Friday, 13 February 2015

'Marlene Dumas: The Image as Burden' at Tate Modern

I went to see the new exhibition of Marlene Dumas paintings at the Tate Modern this week - The Image as Burden. I've never really seen much of Marlene Dumas so this was an opportunity to dive in and learn something new. She doesn't paint from life, she paints from other images and a few of the descriptions beside the paintings talk about trying to find different edits of the photos she used as source materials.

I wandered through the exhibition wondering why, wondering what she was trying to say and why she was trying to say it. My fellow viewers were largely female of a certain age and the subject of many of the paintings was female. In the majority of cases I must own up and say that I didn't really know what I was looking at and then I stumbled across something like 'Great Britain'.

'Great Britain' is made up of two contrasting portraits, one of Streatham's favourite daughter Naomi Campbell and the other of Princess Diana.  One is from a fashion shoot and the other from a royal sitting. How different but both are paintings of young women around the same age and in the same country. Naomi is largely naked while Diana is swathed in silks and yet they moved in largely the same circles, chatted to the same people and attended the same events. Being a supermodel elevates you and being a princess with a penchant for popular culture means you must compromise. What does this composition tell us about class and money and the 1980s?

Another work that made me stop and think was 'Helena's Dream', quite a simple picture in many respects but I wanted to know what she was thinking about, what was the dream? Her eyes are closed, hair pulled back from her face and lips slightly pursed - what's going on in her head? What is the dream?

I suppose that's the response to many of Marlene's paintings - what's going on? And it's up to us to decide for ourselves.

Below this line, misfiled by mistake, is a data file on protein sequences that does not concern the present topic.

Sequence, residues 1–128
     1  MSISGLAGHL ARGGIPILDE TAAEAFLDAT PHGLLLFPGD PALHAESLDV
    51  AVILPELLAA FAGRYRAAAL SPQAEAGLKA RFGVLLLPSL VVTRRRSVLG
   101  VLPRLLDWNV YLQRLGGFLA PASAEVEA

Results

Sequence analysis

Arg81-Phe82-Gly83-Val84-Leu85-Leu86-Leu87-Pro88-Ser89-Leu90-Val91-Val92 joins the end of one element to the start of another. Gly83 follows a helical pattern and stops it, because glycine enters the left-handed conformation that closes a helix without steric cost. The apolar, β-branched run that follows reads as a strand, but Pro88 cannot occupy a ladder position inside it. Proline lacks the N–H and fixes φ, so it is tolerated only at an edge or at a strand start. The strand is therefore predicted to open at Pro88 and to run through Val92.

One of the rooms was dedicated to her 'For Whom The Bell Tolls' exhibition in 2010 in which she has film stars crying and she says:

"In 2007 my mother died at noon. 'For Whom The Bell Tolls' was about loss and departure, but also about transformation and freedom. A spirit set free. My grief and her relief. So I made the (film)stars and the gods weep for her."

I like the concept and conceit of 'I made the stars and gods cry', of that immense power to be able to make that happen, of the thinking behind the concept.

I liked 'Genetic Longing' that isn't explained in any way but it sits on the wall with all these other grey on grey and white paintings. flaunting its colour. It reminds me of one of Buffy Sainte-Marie's digital paintings. I imagine that this is an older woman whose biological clock is running down gazing over at a baby in a pram. The jealousy is there, the need and want. I have no idea what happens next.

There's a small room of what are considered pornographic paintings with a sign at the entrance saying some people might be shocked. Um, no I wasn't. It's probably easier and quicker to Google to see a woman fingering herself and a naked  man bending over than it is to find these particular pictures online. Don't worry Marlene, we've probably stumbled across it already.

Dumas' most recent work is also on display, a series of small portraits of influential gay men from the last couple of centuries created in response to the political situation on Russia and these were exhibited there last year. They're displayed side by side and include notables like Oscar Wilde and Alan Turing, all with a handwritten short paragraph about them underneath.

It's not really a happy or joyful exhibition, it's a bit ponderous and serious and there's certainly space for that. It's quite thought-provoking and I may well go back to see it again and see whether a second viewing makes me see the paintings in a different way. I suspect I will, having thought about the paintings and themes. I wonder what I'll see next time? 

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